Is gut microbiota the key to preventing obesity-related metabolic diseases?
Updated: Mar 28, 2019
Less than fifteen years from now, it is estimated that 42% of the adult US population will be obese.
Obesity, one of the major public health issues of our time, results in an increased risk of type 2 diabetes, cardiovascular diseases, non-alcoholic fatty liver disease, and certain types of cancers.
Metabolic syndrome, often a precursor to the onset of type 2 diabetes and cardiovascular diseases, is also highly linked to obesity.
Metabolic syndrome is defined by the presence of abdominal obesity plus at least two of the following factors: increased fasting plasma glucose, hypertension, increased triglycerides, and reduced HDL cholesterol.
Worldwide, it is estimated that one-fourth of the adult population has metabolic syndrome and that obesity-related diseases cause 2.8 million deaths annually.
Over the past several decades, researchers have investigated the effectiveness of various approaches to help people lose weight, maintain healthy weights, and prevent the poor health outcomes associated with obesity.
These approaches range from diet and exercise to pharmaceutical interventions to bariatric surgery.
Recently, researchers have begun to look at a new, promising approach to preventing obesity-related metabolic diseases by manipulating the gut microbiota through diet.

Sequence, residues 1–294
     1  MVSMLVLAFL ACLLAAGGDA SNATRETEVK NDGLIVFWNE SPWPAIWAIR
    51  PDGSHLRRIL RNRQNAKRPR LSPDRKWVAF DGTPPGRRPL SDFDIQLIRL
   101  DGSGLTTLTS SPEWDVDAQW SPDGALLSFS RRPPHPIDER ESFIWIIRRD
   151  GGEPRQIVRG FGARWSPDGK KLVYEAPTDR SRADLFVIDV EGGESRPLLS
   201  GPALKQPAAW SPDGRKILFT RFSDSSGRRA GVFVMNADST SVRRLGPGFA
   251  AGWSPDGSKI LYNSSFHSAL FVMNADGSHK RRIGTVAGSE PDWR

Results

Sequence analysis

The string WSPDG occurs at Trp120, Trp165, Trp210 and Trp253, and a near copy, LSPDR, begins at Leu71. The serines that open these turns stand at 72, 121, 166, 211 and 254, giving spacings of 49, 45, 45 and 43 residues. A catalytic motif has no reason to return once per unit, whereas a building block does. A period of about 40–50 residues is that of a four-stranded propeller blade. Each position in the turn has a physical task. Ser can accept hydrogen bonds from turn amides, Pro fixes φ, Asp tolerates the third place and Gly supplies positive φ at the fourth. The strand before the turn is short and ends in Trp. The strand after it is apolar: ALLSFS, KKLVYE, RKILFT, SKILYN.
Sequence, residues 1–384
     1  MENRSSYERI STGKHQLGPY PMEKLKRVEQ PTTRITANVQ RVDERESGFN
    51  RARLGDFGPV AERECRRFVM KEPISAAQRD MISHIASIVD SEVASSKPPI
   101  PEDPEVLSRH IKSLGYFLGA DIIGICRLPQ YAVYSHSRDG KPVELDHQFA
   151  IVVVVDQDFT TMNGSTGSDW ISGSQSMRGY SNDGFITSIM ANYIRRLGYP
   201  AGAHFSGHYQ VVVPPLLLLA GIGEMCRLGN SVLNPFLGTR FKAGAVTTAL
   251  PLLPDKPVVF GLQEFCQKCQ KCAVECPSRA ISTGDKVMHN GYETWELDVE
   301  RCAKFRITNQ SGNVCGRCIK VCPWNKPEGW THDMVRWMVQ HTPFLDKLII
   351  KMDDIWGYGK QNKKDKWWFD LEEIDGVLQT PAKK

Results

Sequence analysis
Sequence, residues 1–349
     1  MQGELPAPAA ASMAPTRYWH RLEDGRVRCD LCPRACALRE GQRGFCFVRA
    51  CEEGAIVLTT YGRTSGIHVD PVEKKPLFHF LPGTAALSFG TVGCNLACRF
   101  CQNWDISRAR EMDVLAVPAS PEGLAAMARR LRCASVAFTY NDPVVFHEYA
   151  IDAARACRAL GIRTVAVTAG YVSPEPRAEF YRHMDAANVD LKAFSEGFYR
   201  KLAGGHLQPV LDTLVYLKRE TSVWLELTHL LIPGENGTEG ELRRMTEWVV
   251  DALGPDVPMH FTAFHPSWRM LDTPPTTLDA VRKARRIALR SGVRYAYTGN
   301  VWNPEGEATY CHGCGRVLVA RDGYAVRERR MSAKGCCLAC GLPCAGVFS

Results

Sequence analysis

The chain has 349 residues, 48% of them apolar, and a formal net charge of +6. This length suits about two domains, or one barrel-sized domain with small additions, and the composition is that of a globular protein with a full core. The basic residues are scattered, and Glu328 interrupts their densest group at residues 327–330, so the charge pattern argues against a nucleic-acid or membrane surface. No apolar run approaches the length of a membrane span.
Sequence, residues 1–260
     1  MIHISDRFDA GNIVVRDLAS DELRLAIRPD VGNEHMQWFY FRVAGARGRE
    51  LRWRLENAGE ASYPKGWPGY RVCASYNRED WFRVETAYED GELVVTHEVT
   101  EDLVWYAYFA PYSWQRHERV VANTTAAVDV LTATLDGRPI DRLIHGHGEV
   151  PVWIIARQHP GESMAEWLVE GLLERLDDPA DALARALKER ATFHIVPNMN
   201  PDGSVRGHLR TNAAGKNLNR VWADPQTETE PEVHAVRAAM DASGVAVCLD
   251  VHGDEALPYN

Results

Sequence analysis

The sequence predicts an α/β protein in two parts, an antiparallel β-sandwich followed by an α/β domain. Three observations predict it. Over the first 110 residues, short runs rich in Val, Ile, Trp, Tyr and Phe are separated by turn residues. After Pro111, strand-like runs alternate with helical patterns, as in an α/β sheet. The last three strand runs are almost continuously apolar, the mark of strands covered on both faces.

The Advances in Nutrition, the international review journal of the American Society for Nutrition, publishes a comprehensive review article that evaluates the latest scientific studies in this growing area of research.
Gut microbiota is the name given to the microbe population living in our intestine. Our gut microbiota contains trillions of microorganisms, including at least 1,000 different species of bacteria.
The authors assessed various research studies, which used diet to modulate the gut microbiota, with the goal of improving metabolic risk factors in humans.
These studies included dietary interventions using different types of dietary fibers.
In many cases, these interventions have been shown to successfully modulate the gut microbiota and improve insulin sensitivity, low- grade chronic inflammation, and lipid metabolism.
Although these results are promising, the authors caution, however, that a causal role of the gut microbiota in these experiments has not been established.
The authors call for more clinical trials that can help us determine whether or not changes in diet can be directly linked to changes in gut microbiota and, in turn, whether or not the changes in gut microbiota can be directly linked to changes in metabolic risk factors.